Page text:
A citizen of the world in love with his roots. A totally personal way of exercising his imagination. An instinctive designer who shuns banality and repetition. An honest intellectual who reveals his character in the process of doing, in quiet tones. This is Robin Rizzini, a serious dreamer with a direct passage from dream to paper, passing through the pencil.
Genoa, your mother, Citterio, Metrica (the studio created together with Bruno Fattorini), the Compasso d’Oro prize. All the way to the choice of being independent. Are these the main phases of your history?
1973, Genoa, an English mother, 100%, with liberal views: starting with the obvious factor of language, her influence made itself felt, and has turned out to be useful over time. I don’t think I am ideological, I don’t believe I have prejudices, I tend to be trusting, I’ve had and still have regrettable experiences, but by now I’ve come to terms with that and with my own character.
Working with Antonio Citterio was undoubtedly the most important experience, it enabled me to understand that this is a serious job, unlike what it might have seemed to be when I was in design school, something ‘frivolous’ connected with gestures and flair. Instead design is full of very complex dynamics, it makes you interact with companies, with industrial processes and many other aspects that have nothing to do with creativity. That was an intense period, in which I learned a lot.
Have you always felt that design was your calling?
Definitely, already in high school, though paradoxically my first experiences were of an architectural nature (and I’m not an architect), because I needed to work to support myself. Right before going to work with Antonio Citterio, I went through a ‘passage’ with Massimo Roj and Progetto CMR where I was supposed to focus on product, but in the end I was working on space planning. That was my first contact with the world of offices, both for furnishings and for spaces, and I enjoyed it, it was stimulating. I discovered a world that was unknown to me, always in movement. In Milan at the time (towards the end of the 1990s) all the big companies were redesigning their offices, and there was great ferment. This experience with offices facilitated my move to Citterio, where I also worked extensively for Arclinea and Vitra.
Metrica was an atypical situation, do you agree?
Metrica was a courageous experiment, the studio was multidisciplinary, a bit along English lines. After a while I realized that it was not my dimension, it was hard for me to manage, also from a personal viewpoint, and I attempted to take it apart. My problem inside Metrica, at the time, was that I was gradually losing what I felt was the beauty of my craft: if you become a manager you get away from the companies, you work more on administration. That wasn’t my path, it was hard for me, so I decided to change, to start over again.
Then Pedrali appeared on the horizon…
Exactly. Pedrali stemmed from an ineffective relationship that lasted for over ten years. Then, one day a table came into my mind, which I drew on a piece of paper, and showed to Giuseppe Pedrali with a simple approach. He liked it right away: the table made its debut in the worst period of Covid, but Pedrali was remarkable, organizing videos and taking risks within the widest range of possibilities. They have great expertise, gained year after year, making bases for tables used in bars; today, everything they have become can be seen by all.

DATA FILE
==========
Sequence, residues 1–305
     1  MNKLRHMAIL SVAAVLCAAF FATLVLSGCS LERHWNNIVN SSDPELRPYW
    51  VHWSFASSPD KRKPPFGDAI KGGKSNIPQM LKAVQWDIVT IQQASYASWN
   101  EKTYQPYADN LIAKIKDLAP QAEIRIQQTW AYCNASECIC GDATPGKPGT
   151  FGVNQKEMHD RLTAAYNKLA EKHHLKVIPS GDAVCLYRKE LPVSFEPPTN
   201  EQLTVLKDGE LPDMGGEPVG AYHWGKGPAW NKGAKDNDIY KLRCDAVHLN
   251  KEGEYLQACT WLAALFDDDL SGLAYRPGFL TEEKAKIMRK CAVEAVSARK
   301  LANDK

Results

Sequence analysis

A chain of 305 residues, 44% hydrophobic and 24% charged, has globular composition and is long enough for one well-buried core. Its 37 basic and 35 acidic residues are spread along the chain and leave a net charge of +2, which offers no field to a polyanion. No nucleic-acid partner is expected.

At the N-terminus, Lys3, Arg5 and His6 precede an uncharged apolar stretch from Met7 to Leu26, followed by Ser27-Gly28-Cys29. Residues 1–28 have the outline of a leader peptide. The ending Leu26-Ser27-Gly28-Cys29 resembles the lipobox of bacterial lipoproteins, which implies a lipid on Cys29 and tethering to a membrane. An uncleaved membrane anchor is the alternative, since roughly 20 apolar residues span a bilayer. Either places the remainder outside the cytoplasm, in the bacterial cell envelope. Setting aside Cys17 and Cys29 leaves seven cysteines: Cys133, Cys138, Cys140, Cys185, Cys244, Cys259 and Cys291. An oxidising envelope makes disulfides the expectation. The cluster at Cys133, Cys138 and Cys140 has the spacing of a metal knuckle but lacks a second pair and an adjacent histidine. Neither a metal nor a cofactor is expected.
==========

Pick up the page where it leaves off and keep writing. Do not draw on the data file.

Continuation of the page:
In 2014 you won a Compasso d’Oro prize.
At the time Desalto was a fantastic company, the relationship with Walter Orsenigo was special, he was very closed and reserved, but fully aware of what would be good for the company.
The genesis of 25 goes back into the past, with in-depth research on the materials: we wanted to approach the object-table in a different way, also from the viewpoint of engineering, starting with a particular framework. At a certain point along the way we got Orsenigo involved, and his enthusiasm was immediate. The 25 (thus called due to its thickness of 25mm) was inserted in the Desalto collections and won the Compasso d’Oro. 25 was perhaps the last case of a table created with an accent on lightness; from that point on, the market has offered heavier products, utilizing other materials and decorations.
Did the Compasso d’Oro change something in your work?
No. I have always worked behind the scenes, it is my character. At the time I was also accused of being a snob, but I feel a bit of healthy envy for my colleagues who have the force to promote themselves. I don’t have that kind of energy. This is another reason why I tend to work alone.
Is lightness a characteristic of your style in design?
First of all, it is an instinct, and then there is my ethical principle, based on ‘don’t use more than is needed.’ I have always admired essential designers, those who make beautiful objects or spaces without exaggerations connected with over-abundance. I am irritated by objects that take up too much space; I like things to be something like I am, reserved, trying to occupy as little space as possible.
You have even managed to lighten up Twils!
Twils is a project that surprised me when it arrived, precisely because I wasn’t expecting it: Matteo Ragni looked for me, we began with the Etan sofa, and now Harold (my grandfather) has arrived. We presented them at the Salone. I was a bit hesitant because they are known for beds, but they surprised me with their technical ability and willingness to interact. Matteo was like a guarantee for me.
Dreams and desires?
I have two of them: the first is to design chairs, a field I have always kept at a rightful distance due to my supposed lack of expertise – but I would like to find a rather paradigmatic idea. And I would like to design a small house, hopefully in the mountains, with a breathtaking view, completely designed. I find this possibility fascinating.